"Will Running My Credit Lower My Score?"
"Will running my credit lower my score?"
I hear this question all the time. Naturally, it’s the buyer or borrower who’s asking and who has been told that by simply making a credit inquiry for a mortgage loan, his or her FICO (Fair, Isaac and Co.) score will be damaged. Too often and unfortunately, this myth is propagated by lenders who would prefer that their potential clients do not shop further for their mortgage needs.
But what is the correct answer to the question? Of course, it depends on the situation.
When you apply for a mortgage, your loan professional will obtain a mortgage-related credit report. This type of inquiry differs from other consumer credit reports (auto, credit card, etc.) and from the "soft pull" credit monitoring services to which some individuals subscribe. For lending purposes, and depending on the three credit repositories; Equifax, Experian and Transunion, scores will range from 300 to 850, with the higher numbers representing an excellent credit rating. Note that it is extremely rare that anyone ever scores a "perfect" on the FICO test, so don’t be too alarmed if you don’t either!
A key concept to note is that when shopping for a mortgage in a condensed window of time (several weeks), multiple credit inquires often impact the overall score as if it were a single inquiry. The FICO model realizes that shopping for the best mortgage is not inconsistent with smart and effective consumer behavior. The pie chart below shows what’s in a FICO score and it is evident that the inquiry component alone reaches only 10% of a borrower’s total.
Now that we’ve identified the percentage related to new credit inquiries, let’s also cover the balance of characteristics that make up the whole credit profile. Not surprisingly, 35% of any FICO score is derived from payment history. Over the course of a credit user’s financial life, have obligations been paid on time and according to term? If so, more than a third of the total score is satisfactory. Next are amounts owed, or "balance to limit." Less credit risk is associated with sufficient availability of credit that is not "maxed out." For example, if a credit card user has a $10K limit, and routinely charges balances up to $9900, this will be viewed less favorably than if the same card carrier charged only $500 --- even if both balances are paid on time and in full.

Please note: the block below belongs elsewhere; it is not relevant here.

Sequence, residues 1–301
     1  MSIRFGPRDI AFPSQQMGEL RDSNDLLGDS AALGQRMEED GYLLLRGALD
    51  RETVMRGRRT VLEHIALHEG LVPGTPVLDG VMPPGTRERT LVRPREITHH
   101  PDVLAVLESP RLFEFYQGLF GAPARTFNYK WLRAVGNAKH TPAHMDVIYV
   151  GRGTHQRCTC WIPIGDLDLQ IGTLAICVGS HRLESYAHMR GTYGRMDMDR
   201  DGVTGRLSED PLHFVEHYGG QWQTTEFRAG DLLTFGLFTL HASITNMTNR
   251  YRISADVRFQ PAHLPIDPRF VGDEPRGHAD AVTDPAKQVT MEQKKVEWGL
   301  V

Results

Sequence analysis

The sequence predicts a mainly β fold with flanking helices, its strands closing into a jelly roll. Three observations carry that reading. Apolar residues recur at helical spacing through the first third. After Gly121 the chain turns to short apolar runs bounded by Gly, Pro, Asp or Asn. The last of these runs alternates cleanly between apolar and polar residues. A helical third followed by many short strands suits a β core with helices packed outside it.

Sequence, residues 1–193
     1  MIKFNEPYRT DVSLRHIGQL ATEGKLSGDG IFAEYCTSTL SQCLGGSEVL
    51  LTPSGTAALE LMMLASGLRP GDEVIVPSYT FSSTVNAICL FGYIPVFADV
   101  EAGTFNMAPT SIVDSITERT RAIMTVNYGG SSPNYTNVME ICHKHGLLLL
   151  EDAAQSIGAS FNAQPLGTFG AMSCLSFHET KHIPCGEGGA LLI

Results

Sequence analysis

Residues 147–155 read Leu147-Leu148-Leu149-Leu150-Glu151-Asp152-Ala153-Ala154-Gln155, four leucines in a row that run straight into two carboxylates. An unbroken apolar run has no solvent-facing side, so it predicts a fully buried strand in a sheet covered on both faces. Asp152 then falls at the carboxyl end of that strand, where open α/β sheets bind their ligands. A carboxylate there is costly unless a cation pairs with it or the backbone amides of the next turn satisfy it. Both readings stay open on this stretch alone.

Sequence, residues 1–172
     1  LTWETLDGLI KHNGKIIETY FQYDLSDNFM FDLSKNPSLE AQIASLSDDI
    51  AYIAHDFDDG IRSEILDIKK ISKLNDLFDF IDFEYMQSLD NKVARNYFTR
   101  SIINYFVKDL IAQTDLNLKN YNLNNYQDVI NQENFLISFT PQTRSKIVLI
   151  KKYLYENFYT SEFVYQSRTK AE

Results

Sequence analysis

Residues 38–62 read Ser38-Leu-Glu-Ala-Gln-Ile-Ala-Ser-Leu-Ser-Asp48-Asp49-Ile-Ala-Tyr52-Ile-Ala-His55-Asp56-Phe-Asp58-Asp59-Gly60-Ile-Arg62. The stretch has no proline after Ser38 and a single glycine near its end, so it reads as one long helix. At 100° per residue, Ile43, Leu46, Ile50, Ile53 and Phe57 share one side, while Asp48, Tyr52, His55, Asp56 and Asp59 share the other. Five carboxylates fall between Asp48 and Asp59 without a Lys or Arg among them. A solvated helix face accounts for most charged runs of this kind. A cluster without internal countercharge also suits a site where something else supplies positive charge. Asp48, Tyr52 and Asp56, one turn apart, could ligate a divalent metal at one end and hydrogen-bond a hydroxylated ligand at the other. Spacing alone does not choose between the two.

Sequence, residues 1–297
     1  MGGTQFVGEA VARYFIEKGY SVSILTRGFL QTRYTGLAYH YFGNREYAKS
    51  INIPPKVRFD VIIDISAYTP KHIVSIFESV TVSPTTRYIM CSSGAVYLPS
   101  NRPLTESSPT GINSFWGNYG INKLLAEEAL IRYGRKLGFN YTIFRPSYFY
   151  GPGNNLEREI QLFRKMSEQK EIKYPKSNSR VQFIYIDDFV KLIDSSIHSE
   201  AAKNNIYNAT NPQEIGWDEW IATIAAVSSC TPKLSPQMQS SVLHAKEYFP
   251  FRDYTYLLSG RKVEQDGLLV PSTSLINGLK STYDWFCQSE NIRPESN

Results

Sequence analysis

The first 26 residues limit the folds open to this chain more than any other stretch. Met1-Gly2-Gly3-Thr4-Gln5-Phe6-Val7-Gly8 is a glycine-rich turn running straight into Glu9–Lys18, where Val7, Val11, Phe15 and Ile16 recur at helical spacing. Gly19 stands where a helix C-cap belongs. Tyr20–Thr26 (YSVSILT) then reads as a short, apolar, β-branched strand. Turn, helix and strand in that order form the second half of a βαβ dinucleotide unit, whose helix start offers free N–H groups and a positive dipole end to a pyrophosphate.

The final third of any credit score is derived from length of history (15%), blend of credit used (10%), and new credit/inquiries, as covered above. When talking about credit history, it is important to note that when borrowers take matters into their own hands, "cut up" their credit cards and cancel unused accounts, they may effectively be sabotaging their own credit history. Of course, most do this unknowingly, but it highlights the fact that when it comes to credit scores --- especially as they relate to your mortgage needs --- it is vital to seek the advice of a professional. I am here to assist you with your credit-related questions and concerns at any time.